Bull Figurine, Post-Palatial period, 1250-1150 BC, (clay)





Pablo Picasso, Blind Minotaur Guided by a Girl by the Sea, 1934, (pencil on paper)





Bull-Shaped Rhyton, Late Cypriot II period, 1450-1200 BC, (clay)





Pablo Picasso, Pignate (cooking pot) Decorated with a Bull and Three Running Women, 1950, (coarse red earthenware, slip-painted decoration)





Centaur Figurine, Protogeometric period, late 10th century BC, (clay)








Pablo Picasso, Winged Priapus-Centaur with Owl, 1950, (bronze, green patina)






Picasso with a wicker bull mask originally intended for bullfighters' training, he becomes a living Minotaur. Beside him a sculpture made of scrap wood with the features painted on it.








Minoraure, 1933, (front cover: Pablo Picasso)

The periodical Minotaure was founded by the Surrealists in the early 30s and Picasso illustrated the publication's first cover. He adopted the myth and imagery of the Minotaur throughout the period leading up to WWII. The Minotaur (the mythical half-beast, half-human Dionysian creature) symbolised the dark regions of the psyche, the irrational forces of war in the 30s.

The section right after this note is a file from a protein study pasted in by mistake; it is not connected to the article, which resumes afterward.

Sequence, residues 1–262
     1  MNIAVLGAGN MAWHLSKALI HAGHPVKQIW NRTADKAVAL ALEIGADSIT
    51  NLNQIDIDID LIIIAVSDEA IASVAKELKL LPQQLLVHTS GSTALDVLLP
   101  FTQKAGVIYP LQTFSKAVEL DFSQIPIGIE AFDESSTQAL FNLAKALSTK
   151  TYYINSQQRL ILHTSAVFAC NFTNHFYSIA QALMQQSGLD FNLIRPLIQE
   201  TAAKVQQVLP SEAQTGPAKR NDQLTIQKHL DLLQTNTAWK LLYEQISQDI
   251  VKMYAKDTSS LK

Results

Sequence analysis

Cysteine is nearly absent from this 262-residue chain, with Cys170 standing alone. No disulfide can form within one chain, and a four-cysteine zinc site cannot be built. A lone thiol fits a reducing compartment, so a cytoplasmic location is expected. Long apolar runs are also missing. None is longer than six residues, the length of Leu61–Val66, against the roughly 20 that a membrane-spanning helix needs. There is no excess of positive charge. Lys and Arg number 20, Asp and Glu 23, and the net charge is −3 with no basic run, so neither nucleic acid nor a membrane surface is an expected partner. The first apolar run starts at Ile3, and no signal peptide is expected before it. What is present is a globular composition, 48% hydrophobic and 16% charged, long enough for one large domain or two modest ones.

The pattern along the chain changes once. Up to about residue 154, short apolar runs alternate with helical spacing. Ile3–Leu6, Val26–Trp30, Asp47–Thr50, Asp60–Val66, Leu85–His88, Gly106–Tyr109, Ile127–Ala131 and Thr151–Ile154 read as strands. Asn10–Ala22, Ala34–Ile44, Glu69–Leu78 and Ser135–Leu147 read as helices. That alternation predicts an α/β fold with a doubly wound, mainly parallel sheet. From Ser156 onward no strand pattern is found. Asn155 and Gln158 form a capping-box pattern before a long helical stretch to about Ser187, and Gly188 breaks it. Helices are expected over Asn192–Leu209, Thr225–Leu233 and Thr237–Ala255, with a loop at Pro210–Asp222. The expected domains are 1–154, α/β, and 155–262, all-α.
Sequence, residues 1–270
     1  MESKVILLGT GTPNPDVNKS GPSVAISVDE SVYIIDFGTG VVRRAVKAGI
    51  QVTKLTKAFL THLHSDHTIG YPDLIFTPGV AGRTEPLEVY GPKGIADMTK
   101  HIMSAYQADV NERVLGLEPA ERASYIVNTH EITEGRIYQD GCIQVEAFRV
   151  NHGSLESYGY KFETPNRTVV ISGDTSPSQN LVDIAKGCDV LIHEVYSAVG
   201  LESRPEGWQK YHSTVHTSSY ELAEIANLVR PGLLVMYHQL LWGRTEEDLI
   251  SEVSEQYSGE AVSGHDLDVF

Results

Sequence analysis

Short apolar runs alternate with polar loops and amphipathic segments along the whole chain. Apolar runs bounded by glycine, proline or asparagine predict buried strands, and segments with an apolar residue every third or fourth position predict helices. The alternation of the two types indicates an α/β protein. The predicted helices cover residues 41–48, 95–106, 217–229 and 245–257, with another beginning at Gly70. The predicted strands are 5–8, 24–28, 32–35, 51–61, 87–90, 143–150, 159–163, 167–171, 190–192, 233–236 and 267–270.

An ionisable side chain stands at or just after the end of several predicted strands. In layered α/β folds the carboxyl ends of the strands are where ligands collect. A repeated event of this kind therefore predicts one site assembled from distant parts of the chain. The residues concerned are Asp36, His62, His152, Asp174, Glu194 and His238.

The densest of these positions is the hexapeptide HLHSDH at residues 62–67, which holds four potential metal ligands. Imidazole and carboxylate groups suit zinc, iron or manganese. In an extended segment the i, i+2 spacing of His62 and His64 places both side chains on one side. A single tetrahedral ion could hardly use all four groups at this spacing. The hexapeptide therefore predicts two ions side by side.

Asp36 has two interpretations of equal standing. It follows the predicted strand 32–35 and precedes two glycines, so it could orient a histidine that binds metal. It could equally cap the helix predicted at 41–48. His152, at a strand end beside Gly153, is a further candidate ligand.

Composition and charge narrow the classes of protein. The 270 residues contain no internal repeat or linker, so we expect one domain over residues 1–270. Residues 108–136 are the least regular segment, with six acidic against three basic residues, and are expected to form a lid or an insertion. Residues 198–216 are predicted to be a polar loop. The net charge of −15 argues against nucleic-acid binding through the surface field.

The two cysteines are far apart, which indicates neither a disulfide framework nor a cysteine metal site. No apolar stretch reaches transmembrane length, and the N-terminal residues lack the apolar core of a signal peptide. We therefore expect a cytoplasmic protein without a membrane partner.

Dove Figurine, Classical period, 5th century BC, (clay)




Pablo Picasso, Dove, 1953, (white earthenware, thrown, modelled, incised and slip-painted)





Pablo Picasso, Dove, 1954 




Dove Figurine, Classical period, 4th century BC, (Pentelic marble)




Pablo Picasso, Dove, 1953, (white earthenware, modelled, incised and slip painted)




Crouching Bird, 1947-48, (white earthenware, decoration slip painted and oxides)